How to Help Your Child Transition to Chapter Books

by Melissa Taylor

Photo credit: Keiji Iwai, Photographer's Choice/Getty Images

Unlike Peter Pan, most kids do want to grow up. They’re usually excited to read chapter books because it marks their coming of age as a reader. Here are a few things you can do to help your child successfully transition to chapter books.

  • 1. Practice Remembering the Story

    The biggest difference between reading a chapter book and a picture book is that the story (usually) continues for more than one reading session. Your child needs to remember what’s happening in the story from one reading time to the next or he’ll have trouble comprehending. This can be tricky.

    Help your child hold that information in his memory. After he reads, have your child share what happened. Then prior to restarting the book again, show your child how to look back at what she previously read – at the last chapter, including any illustrations – to refresh her memory of what happened.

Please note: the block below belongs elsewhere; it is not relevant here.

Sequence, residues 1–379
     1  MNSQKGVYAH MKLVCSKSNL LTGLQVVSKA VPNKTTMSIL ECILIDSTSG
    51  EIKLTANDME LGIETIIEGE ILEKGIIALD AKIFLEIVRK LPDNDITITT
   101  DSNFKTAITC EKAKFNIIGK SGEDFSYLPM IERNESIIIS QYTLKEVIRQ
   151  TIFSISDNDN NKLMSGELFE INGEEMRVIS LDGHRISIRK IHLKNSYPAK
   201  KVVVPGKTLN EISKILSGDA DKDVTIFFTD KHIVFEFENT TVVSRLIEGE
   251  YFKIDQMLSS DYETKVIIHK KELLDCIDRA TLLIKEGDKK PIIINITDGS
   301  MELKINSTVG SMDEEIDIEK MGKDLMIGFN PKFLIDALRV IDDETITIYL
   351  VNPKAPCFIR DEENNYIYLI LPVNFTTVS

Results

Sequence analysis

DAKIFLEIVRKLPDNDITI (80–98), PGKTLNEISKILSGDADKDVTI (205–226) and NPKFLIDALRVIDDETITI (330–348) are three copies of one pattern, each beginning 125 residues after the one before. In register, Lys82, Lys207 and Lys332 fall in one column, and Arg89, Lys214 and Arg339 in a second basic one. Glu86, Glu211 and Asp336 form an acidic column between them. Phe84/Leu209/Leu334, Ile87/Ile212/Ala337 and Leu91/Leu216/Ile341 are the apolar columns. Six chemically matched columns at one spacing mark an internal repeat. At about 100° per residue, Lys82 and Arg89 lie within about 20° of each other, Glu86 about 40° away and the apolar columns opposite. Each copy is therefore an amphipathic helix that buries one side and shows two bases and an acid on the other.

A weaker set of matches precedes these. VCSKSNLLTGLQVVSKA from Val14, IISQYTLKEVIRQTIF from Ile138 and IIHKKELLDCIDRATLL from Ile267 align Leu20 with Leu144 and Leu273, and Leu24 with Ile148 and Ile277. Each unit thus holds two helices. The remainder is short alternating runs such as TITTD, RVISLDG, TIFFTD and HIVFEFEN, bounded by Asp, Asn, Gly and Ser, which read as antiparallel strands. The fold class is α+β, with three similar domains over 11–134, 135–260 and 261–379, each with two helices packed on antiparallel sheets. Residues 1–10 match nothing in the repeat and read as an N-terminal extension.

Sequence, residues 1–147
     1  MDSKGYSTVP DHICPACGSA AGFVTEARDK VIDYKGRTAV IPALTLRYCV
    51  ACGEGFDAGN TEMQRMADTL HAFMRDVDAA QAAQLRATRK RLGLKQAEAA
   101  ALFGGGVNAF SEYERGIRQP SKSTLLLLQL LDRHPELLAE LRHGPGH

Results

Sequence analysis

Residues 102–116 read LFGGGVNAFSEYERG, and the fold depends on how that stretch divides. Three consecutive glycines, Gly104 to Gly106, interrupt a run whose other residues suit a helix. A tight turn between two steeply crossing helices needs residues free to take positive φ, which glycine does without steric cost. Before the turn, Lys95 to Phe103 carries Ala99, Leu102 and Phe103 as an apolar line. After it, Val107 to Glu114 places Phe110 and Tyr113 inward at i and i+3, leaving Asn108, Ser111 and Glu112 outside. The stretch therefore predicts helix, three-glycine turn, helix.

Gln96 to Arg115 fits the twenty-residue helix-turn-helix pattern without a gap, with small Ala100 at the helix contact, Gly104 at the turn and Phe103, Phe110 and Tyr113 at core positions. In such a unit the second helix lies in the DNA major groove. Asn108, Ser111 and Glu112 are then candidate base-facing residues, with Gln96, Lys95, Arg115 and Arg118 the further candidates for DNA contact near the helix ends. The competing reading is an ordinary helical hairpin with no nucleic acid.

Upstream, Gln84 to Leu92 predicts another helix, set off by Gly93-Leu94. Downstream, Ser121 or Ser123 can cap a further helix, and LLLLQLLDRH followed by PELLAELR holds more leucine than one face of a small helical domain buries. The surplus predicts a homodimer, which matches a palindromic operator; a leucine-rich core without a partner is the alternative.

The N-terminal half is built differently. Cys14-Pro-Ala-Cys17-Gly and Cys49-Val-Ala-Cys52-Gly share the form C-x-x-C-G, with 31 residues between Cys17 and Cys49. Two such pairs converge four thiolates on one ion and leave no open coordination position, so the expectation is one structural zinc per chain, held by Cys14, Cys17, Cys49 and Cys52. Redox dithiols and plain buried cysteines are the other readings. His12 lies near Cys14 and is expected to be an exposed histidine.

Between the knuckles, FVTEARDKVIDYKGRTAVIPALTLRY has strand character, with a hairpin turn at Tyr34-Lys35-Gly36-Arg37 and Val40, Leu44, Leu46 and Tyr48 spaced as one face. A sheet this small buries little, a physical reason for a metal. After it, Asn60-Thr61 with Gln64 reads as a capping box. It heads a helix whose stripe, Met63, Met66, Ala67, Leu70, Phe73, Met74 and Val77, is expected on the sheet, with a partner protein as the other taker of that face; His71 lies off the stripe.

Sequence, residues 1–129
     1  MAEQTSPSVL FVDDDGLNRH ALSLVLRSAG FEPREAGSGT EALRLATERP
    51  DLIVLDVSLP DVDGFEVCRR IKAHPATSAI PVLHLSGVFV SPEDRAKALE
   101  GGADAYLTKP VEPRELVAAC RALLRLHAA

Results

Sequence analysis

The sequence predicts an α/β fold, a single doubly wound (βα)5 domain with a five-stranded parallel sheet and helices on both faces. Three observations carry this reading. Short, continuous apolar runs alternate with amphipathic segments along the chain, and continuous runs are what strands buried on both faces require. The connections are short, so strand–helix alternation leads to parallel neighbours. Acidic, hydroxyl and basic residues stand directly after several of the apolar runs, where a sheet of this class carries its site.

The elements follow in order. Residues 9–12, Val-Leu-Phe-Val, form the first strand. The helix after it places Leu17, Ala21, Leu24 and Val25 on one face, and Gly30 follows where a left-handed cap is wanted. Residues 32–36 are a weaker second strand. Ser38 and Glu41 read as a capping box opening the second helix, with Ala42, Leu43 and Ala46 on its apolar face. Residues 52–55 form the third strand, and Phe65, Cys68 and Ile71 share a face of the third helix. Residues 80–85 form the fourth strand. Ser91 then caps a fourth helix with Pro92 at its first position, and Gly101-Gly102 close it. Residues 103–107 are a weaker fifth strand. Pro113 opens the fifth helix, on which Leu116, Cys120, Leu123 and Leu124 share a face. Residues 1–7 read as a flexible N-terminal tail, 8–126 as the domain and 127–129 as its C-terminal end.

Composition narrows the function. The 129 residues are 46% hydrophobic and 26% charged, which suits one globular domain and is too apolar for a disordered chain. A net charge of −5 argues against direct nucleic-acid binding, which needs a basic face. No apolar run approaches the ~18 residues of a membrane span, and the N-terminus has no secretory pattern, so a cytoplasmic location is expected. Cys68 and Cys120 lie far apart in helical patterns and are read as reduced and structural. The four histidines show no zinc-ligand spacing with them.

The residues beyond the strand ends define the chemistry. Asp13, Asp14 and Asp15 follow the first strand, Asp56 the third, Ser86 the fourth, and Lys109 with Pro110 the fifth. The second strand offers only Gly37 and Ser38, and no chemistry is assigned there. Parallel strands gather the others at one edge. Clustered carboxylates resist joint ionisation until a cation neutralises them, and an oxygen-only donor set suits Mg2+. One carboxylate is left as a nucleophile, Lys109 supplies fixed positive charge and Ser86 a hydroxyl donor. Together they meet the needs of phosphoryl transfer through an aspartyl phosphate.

• 2. Show Kids How to Choose a Book

    You’ll also want to model for your child how readers choose books:

    • Look at the cover
    • Read the title
    • Scan the text (font size, white space)
    • Look at the back summary
    • Do the 5 Finger Test to see if it’s a just-right reading level
    • Decide if it’s a book you want to read

    This isn’t an intuitive process. Practice with your child so they get the hang of choosing good books for themselves.

  • 3. Find Engaging Book Series

    If you can get your kids into a book series they like, they’ll have a lovely backlog of reading material. This is a good thing. It makes book selection easy since you only need the next book in the series.

    Want some ideas for good series? Consider these popular and easy ones:

  • 4. Don’t Stop Reading Picture Books

    Don’t abandon picture books once your child starts reading chapter books. Picture books offer many benefits to children: they give kids a story they can finish in one sitting, they increase language development, they provide wonderful stories, and the illustrations give opportunities to make inferences and enrich the story visually.

    Kids need all kinds of books – adding chapter books to the mix of reading material only expands their selection.